Why are they poking the cars?
March 29, 2011 9:48 AM   Subscribe

What on earth are these guys doing?

every morning, I cycle past this grain elevator on my way to work. There have been many times in the last few weeks when I have seen men on top of the train cars that are near this elevator, walking from car to car and poking through hatches at the top of the cars with big metal rods. Why are they doing this?

Are they leveling the load? Checking for hoboes? Any ideas?
posted by pdb to Travel & Transportation (14 answers total)
Checking for mold/spoilage?
posted by T.D. Strange at 9:51 AM on March 29, 2011

Looks like that facility is used to offload grain from the train cars, to be stored in the silos before being loaded onto ships. Do these cars have hoppers at the bottom? Are they connected to some sort of intake hoses while these guys are doing their poking? I'm thinking that the grain might need a little persuading to flow out smoothly.
posted by jon1270 at 9:54 AM on March 29, 2011

So I found this page:

Which doesn't exactly answer your question, but apparently after loading the train the last thing they do is test for grain quality. Maybe this is part of this test.
posted by bitdamaged at 9:58 AM on March 29, 2011

Per bitdamaged, have you managed to stick around and watch what they do with the rods after they poke them into the cars?

Perhaps they are taking samples.
posted by Naberius at 10:04 AM on March 29, 2011

My guess is that they are testing the moisture content of the grain before it is unloaded.
posted by ChrisHartley at 10:11 AM on March 29, 2011

Here is an example grain moisture spear, 6' long and designed to be stuck in to the container of grain as a spot check at the intake point.
posted by ChrisHartley at 10:18 AM on March 29, 2011

Response by poster: Jon1270 -

I haven't really noticed whether the cars have hoppers, but they do not appear to be attached to any hose-type apparatus - but I can only see the street side of the car, not the grain elevator side, so something might be attached there.

Naberius -

I haven't stopped yet, as I'm usually on my way to work and that stretch of road is really narrow and there's no good place to stop. I'll have to go by on a non-work day and see what i can find out.

ChrisHartley -

This is a good theory, I'll have to see if I can spot whether there's a doohickey on these sticks as there is in your photo example.
posted by pdb at 10:29 AM on March 29, 2011

Do the cars look like this? The hoppers aren't very conspicuous.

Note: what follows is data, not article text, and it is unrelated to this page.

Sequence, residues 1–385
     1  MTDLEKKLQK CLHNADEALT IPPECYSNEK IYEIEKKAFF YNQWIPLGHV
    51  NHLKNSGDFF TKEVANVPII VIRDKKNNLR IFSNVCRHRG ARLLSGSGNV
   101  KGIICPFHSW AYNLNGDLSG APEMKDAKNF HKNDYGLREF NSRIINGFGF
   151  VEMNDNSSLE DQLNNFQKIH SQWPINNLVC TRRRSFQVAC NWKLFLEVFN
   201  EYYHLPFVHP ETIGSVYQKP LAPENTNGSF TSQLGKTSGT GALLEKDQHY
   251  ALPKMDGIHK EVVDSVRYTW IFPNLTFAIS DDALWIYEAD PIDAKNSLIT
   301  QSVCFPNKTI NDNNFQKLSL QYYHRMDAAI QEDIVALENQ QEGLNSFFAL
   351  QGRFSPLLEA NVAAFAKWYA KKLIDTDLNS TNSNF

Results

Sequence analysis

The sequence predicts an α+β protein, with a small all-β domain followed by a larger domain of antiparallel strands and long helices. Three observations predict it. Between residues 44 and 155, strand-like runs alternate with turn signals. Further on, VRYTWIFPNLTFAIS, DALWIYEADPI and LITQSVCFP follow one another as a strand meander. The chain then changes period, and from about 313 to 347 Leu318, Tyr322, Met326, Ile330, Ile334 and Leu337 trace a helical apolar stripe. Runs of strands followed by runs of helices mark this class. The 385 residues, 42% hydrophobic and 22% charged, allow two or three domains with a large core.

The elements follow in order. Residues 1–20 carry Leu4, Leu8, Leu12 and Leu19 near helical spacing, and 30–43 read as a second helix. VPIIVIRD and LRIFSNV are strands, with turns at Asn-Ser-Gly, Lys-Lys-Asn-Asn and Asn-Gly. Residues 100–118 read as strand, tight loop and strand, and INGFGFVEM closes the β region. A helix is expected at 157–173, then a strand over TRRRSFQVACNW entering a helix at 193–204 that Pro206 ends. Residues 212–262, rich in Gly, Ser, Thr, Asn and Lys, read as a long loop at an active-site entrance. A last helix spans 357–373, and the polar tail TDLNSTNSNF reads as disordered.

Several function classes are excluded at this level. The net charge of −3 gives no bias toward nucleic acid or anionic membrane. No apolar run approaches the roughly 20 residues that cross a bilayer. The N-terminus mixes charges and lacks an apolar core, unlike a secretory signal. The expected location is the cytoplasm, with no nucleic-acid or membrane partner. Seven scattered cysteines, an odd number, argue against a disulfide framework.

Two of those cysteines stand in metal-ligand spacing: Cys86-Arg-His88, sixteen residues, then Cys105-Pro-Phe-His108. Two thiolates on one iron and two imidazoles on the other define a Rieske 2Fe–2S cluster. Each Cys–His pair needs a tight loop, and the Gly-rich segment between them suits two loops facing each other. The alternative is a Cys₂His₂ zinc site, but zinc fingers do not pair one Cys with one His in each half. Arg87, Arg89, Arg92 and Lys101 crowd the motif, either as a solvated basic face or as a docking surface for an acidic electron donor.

posted by jon1270 at 10:32 AM on March 29, 2011

There is a chance they are also just harvesting samples to be tested elsewhere, in that case the spear would just be a spear with no electronic doohickey. They would have to transfer the sample to some sort of container which you probably would have mentioned if they were doing.

Grain cars are unloaded by opening the hopper and dumping the grain through a grate in to an unloading pit. Flour is unloaded with hoses from the bottom of the car but I believe they thump the sides with a hammer rather than opening the top and poking something in. It might be done differently in different places though.
posted by ChrisHartley at 10:56 AM on March 29, 2011

They might be starting the flow. When I was designing unloading valves and other bottom outlets, they had reinforced pads on the sides of cars for the attachment of vibrators. I often (idly) wondered if disturbing the top surface of the lading wouldn't start the flow, instead. However, I never tested this theory.
posted by notsnot at 11:21 AM on March 29, 2011

If the metal rods are brass colored with slots visible (google "grain probes" or see examples at: BestHarvest)

they are likely taking samples at various places in the cars to take for a moisture test.
The rods are two thin cylinders with matching slots. The cylinders are rotated so the slots are closed. The rod is then inserted into the grain. The cylinders are rotated so the slots open and fill with the grain sampled along the whole length of the rod. The cylinders are rotated again to capture the grain. The rod is removed and the grain placed into a container.
This process is repeated to get a sampling from the entire load.

Harvested grain can vary widely in moisture content - this affects both its weight and how it can be stored. If it is too "wet" it will readily grow mold and/or ferment. It can be dried down with hot air so it can be stored safely.
posted by tronec at 12:24 PM on March 29, 2011

Response by poster: jon1270 -

I have seen both that type of car and the more standard boxcar be poked.

tronec -

I'm about 50 ft away from where they are poking the cars, on a bicycle going 20ish mph - I can't really tell if it has slots or not. The best I can do is see that it doesn't have the doohickey attached as in Chris' example - it just appears to be a long dark metal rod. Maybe tomorrow I'll slow down and see if I can make out detail because this all sounds plausible enough.
posted by pdb at 12:53 PM on March 29, 2011

Best answer: I called the Irving elevator and Robert explained that they are taking samples to test the grain for a number of different factors, including moisture.
posted by ChrisHartley at 1:05 PM on March 29, 2011 [6 favorites]

Response by poster: ChrisHartley -

Thanks for clearing that up - mystery solved!
posted by pdb at 1:10 PM on March 29, 2011

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